Fast forward to 2020. The Coronavirus pandemic accelerated the ecommerce gold rush. As in-person shopping came to a halt and the businesses that remained had to quickly pivot their strategy to sell online exclusively. As a result, ecommerce sales grew from $576 billion in 2019 to $759 billion in 2020. We’re on pace to break $800 billion in 2021!

In 2020, global ad spend saw a 25% increase vs 2019. Social media ad spend in the US has doubled since 2017.

There’s too much money on the table and Apple decided it’s time to pull up a seat. The first step was to render the pixel useless for advertisers. The next step will be to introduce a new iteration of the iAd platform.

What does this mean for Facebook? 

Only 4% of US iPhone users have opted in for app tracking after the rollout of iOS 14.5 and it’s sitting at 12% worldwide. This update has essentially killed the Facebook Pixel. Advertisers are actively reallocating their ad budgets to other platforms as their Facebook performance continues to decline.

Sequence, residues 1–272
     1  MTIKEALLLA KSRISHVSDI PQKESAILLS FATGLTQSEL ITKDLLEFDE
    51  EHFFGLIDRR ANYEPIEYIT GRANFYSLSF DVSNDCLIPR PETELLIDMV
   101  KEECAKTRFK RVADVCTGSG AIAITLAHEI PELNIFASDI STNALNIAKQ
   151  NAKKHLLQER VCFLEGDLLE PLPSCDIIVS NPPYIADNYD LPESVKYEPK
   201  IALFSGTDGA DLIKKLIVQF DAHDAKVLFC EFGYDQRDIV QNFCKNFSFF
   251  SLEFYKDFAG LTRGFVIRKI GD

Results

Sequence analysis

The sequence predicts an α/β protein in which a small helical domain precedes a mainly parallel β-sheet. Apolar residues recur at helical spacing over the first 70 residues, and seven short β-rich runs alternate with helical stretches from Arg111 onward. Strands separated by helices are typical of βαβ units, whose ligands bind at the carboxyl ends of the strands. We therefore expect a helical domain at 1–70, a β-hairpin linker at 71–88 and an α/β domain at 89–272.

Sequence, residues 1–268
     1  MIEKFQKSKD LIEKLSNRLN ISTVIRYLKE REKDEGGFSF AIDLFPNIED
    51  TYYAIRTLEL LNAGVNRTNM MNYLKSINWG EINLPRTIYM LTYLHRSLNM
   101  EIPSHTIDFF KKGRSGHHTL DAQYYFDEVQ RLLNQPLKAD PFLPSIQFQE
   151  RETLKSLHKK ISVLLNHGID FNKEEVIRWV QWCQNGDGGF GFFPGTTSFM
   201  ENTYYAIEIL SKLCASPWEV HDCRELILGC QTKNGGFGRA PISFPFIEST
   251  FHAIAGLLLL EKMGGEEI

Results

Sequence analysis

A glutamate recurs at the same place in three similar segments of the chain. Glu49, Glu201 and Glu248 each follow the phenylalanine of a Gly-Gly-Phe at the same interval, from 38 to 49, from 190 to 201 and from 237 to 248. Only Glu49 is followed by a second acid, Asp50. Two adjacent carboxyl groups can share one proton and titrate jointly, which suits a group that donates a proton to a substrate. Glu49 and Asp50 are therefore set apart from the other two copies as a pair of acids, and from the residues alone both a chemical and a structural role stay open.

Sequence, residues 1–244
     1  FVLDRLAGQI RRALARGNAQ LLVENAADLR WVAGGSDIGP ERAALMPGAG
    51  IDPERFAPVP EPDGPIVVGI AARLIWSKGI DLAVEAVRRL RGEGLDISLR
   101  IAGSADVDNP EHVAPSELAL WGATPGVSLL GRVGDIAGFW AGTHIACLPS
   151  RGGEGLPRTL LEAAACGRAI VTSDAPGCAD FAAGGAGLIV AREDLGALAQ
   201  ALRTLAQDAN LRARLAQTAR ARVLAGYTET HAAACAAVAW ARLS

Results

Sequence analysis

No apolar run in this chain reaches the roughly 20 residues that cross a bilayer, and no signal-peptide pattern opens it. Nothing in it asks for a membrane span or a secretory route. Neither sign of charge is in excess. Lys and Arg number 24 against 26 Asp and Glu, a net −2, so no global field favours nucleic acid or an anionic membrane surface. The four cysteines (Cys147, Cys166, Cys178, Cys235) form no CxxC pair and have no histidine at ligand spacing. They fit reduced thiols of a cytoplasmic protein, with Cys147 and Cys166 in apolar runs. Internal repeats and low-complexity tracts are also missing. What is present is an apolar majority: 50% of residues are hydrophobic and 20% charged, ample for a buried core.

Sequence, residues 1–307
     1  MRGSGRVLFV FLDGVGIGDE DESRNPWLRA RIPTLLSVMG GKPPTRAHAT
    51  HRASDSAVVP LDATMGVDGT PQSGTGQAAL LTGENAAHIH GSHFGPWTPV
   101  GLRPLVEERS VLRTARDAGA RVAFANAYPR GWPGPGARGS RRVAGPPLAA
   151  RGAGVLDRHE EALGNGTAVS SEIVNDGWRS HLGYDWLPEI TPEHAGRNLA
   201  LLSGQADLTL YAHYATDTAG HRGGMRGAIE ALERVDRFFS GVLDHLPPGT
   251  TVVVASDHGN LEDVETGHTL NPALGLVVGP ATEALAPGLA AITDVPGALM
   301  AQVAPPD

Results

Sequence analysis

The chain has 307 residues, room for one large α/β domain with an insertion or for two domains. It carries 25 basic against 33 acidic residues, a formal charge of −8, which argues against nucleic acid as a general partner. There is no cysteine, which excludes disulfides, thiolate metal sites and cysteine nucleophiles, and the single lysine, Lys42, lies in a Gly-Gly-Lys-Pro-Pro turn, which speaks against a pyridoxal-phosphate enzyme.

If Facebook cannot navigate this massive blow to their business model, they’re going to have a very difficult time when it’s time to report Q3 earnings to investors. I would imagine they would shift their efforts from the US market to the rest of the world. While Apple accounts for 56% of mobile users in the US, they only have 13% of the global market. Android is still king globally and the pixel remains unaffected. 

They will need to push back against Apple to make this work.

Facebook Gears Up for War

Facebook used to proudly tout “It’s free and always will be” up until 2019 when they quietly removed it from their messaging. 

It’s always been free because, with Facebook, you are the product. But with Apple slowly relaunching a new iteration of iAd, Facebook has to adapt. And with the introduction of opt-in tracking in iOS 14.5, Facebook is beginning to scramble. Their messaging changed from “It’s free and always will be” to in-app notifications encouraging iOS 14.5 users to “Help keep Facebook free of charge.”